Chase De Jong was recalled to Seattle in late April when Felix Hernandez went on the disabled list with a sore right shoulder.
2013 Vancouver Canadians pitcher Chase De Jong is finding out just how hard it is to win in the major leagues. The 23 year-old righthander made his third major league start for the Seattle Mariners, facing the team that drafted him in the second round of the 2012 draft – the Toronto Blue Jays. The way things were lining up, there appeared to be a reasonable chance De Jong would earn his first big league victory in Canada given the events leading up to the game.
De Jong was very deserving of a victory in his last start against the Texas Rangers at Safeco Field May 6. He completed six innings and allowed just one run (a Joey Gallo homer) on four hits with no walks while striking out three, including a whiff of Rougned Odor on a 75-MPH curveball. Of his nine outs in play, six were on the ground. He left the game with the score tied at 1-1 but as luck would have it, the Mariners would take the lead with seven runs in the seventh and go on to win the game 8-2 with James Pazos earning the ‘W’ instead.
De Jong’s performance impressed Rangers manager Jeff Banister, noting De Jong “really did a good job against us. Kept us off-balance and from getting the barrel on the ball.” De Jong also earned praise from Mariners skipper Scott Servais.
“He’s very slow-pulsed and never seems rattled. He knows who he is and doesn’t try to do too much. He just tries to make pitches and when it’s not quite there, you just keep moving ahead a pitch at a time. He’s very mature for a 23-year-old kid.”
Overall, De Jong was happy with his outing.
“I find success in doing my job, covering my innings and not walking guys. Tonight I did my job. I went out there and competed and just tried to go as long as I could, as long as they’d let me, and it was a lot of fun to do.
“Pitching to contact, being aggressive, that’s what I know I’m capable of doing. I know the front office and Scott and [pitching coach Mel Stottlemyre Jr.] have all the faith in the world in me and know I’m able to do that, but to finally put together a body of work like that in front of fans and everybody, it’s very comforting to say, ‘Look, I can get outs at this level.’ That is very comforting.”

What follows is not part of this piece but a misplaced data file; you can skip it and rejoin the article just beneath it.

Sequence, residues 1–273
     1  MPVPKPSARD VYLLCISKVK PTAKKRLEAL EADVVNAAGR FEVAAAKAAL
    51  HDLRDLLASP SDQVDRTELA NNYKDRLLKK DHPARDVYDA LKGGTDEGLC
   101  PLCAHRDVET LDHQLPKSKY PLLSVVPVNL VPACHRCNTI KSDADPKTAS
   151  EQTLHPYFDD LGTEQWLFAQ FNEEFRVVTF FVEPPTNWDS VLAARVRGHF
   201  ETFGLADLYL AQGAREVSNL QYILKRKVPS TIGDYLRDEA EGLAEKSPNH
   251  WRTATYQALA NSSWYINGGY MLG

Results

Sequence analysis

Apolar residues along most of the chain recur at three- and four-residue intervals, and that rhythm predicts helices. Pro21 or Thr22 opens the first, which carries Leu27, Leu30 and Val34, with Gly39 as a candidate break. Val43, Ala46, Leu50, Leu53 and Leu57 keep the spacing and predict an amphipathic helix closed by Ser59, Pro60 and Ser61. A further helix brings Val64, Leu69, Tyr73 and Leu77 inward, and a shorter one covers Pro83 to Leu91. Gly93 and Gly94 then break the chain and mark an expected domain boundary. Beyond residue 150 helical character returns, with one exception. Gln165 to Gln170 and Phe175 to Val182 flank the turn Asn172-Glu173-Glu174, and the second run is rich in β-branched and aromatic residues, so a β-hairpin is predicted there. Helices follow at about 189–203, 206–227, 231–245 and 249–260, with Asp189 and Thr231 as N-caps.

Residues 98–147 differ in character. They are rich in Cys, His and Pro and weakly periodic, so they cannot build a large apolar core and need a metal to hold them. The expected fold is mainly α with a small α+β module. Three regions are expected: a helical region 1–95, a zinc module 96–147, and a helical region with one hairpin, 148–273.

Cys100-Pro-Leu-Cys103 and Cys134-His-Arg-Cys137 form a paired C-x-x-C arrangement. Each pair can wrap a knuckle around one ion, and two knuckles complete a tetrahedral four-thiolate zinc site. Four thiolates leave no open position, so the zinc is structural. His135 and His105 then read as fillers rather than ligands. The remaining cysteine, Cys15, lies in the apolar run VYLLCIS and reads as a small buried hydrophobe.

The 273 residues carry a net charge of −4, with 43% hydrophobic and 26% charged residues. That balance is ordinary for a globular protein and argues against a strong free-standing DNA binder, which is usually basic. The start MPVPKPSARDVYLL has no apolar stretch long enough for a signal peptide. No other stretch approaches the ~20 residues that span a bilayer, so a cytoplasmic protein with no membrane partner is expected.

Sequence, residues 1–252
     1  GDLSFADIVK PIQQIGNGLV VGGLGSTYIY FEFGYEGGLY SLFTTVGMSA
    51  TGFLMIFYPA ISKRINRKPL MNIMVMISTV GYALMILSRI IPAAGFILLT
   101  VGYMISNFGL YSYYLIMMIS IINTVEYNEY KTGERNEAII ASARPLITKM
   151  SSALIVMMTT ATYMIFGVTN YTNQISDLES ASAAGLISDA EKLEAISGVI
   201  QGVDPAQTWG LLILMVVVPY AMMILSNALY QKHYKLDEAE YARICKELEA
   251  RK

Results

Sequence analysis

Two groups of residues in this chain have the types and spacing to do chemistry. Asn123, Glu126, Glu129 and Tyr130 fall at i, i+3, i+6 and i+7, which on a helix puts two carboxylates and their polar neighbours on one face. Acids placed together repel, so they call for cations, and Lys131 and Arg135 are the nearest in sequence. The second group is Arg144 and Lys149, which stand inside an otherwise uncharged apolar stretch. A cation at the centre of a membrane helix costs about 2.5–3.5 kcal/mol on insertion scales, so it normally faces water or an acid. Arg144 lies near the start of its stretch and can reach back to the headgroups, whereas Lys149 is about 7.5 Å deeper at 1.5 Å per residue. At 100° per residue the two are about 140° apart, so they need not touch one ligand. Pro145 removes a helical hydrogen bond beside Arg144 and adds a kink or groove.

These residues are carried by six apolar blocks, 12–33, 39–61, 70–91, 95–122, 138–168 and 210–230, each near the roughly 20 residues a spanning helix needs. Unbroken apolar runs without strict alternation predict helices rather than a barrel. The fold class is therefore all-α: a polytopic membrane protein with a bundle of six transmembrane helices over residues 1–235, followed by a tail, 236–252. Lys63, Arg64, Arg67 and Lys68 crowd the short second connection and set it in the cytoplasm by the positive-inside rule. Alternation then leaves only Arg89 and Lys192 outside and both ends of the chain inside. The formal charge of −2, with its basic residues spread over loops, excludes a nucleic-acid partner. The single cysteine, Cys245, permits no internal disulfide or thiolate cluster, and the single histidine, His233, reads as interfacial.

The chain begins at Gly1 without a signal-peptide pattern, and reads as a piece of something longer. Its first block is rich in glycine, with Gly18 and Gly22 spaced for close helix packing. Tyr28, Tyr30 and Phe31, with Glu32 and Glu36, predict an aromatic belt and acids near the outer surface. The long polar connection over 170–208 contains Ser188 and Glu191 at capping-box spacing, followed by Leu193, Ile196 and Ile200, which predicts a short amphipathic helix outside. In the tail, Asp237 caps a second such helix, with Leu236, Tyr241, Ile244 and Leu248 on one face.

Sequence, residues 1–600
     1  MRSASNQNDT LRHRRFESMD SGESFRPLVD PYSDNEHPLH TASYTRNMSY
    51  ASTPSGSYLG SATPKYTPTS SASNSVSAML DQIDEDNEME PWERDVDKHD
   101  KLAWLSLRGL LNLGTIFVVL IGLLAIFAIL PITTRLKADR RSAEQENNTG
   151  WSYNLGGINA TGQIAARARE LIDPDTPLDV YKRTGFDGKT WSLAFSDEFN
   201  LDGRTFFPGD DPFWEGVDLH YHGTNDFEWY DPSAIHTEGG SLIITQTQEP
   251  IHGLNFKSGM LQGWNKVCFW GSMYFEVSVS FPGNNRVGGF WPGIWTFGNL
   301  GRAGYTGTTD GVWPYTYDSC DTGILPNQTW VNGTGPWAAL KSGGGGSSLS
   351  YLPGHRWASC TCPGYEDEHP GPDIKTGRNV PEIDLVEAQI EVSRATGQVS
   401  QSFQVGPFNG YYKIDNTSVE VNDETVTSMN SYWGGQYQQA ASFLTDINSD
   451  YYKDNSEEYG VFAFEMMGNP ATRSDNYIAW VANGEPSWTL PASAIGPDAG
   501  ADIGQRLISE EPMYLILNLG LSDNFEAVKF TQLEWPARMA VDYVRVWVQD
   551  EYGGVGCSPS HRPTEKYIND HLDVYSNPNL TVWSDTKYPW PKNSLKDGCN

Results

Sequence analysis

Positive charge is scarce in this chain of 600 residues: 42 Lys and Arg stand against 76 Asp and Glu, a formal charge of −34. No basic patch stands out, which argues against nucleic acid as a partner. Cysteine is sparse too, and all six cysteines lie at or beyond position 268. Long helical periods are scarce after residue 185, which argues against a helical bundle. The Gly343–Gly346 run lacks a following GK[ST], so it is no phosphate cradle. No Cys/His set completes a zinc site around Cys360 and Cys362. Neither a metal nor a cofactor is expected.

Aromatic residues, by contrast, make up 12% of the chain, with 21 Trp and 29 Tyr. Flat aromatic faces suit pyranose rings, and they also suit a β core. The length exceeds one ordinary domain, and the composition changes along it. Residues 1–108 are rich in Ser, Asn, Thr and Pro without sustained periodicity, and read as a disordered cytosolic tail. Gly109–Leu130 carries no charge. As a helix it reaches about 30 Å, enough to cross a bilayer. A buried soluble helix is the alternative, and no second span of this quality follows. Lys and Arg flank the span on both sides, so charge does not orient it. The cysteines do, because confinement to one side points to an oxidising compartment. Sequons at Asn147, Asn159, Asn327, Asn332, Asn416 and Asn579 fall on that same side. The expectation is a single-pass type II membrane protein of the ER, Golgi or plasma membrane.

Before taking the mound at the Dome Thursday, De Jong was given a two-run lead to work with when Nelson Cruz hit a two-run homer off Marco Estrada. However, De Jong gave up a bad-hop single to 2011 Vancouver Canadians outfielder Kevin Pillar that handcuffed shortstop Jean Segura. Ezequiel Carrera followed by dropping in a base hit to left field to put runners on the corners. Though Pillar would score on a single by former Mariner Justin Smoak, De Jong got Steve Pearce to hit into an inning-ending double play to keep Seattle ahead by a run.
De Jong settled down by sitting down 12 of the next 14 batters, including a strikeout of Carerra, to get him into the fifth inning with Seattle still ahead 2-1. The Long Beach, California native was a strike away from a 1-2-3 frame after getting ahead of Pillar 1-2 by throwing him three fastballs. However, De Jong went with three breaking balls to try to get Pillar to chase. If it was one year ago, chances are Pillar might have gone down swinging given his proclivity to chase anything with movement. However, the new and improved 2017 edition of Pillar laid off those three offerings to draw a walk. A Carrera single and a Jose Bautista walk loaded the bases and Smoak jumped on a 75-MPH curve to score Pillar and Carrera. Pearce then hammered a 92-MPH fastball to left to put Toronto ahead 6-2. De Jong did get out of the inning but that was the end of his night as the Jays would win the game 7-2.
Servais called De Jong’s outing a case of growing pains.
“He was in a little trouble in the first on some softer hits. But he had two outs and nobody on in the fifth with a 1-2 count, then the walk to Kevin Pillar. It’s a hard lesson to learn, but you can never let your guard down in the big leagues. He just didn’t finish off the inning and then they got something going against him.”
Despite the end result, De Jong says it was fun to face the team that drafted him.
“My cousin [Jordan De Jong] got to the big leagues here. It’s a city, ever since I started my career, I thought I’d get here and I was excited to be here. Playing against the jersey was very cool, to say the least, but tonight came down to the fact I wasn’t as crisp and didn’t command the ball as well as I should have.”
Given that four-fifths of the Mariners starting rotation (Felix Hernandez, Hisashi Iwakuma, James Paxton and Drew Smyly) are on the disabled list, De Jong should have more opportunities to capture that elusive first major league win. His next start may be next week when the Mariners begin a homestand against the Oakland A’s on Monday.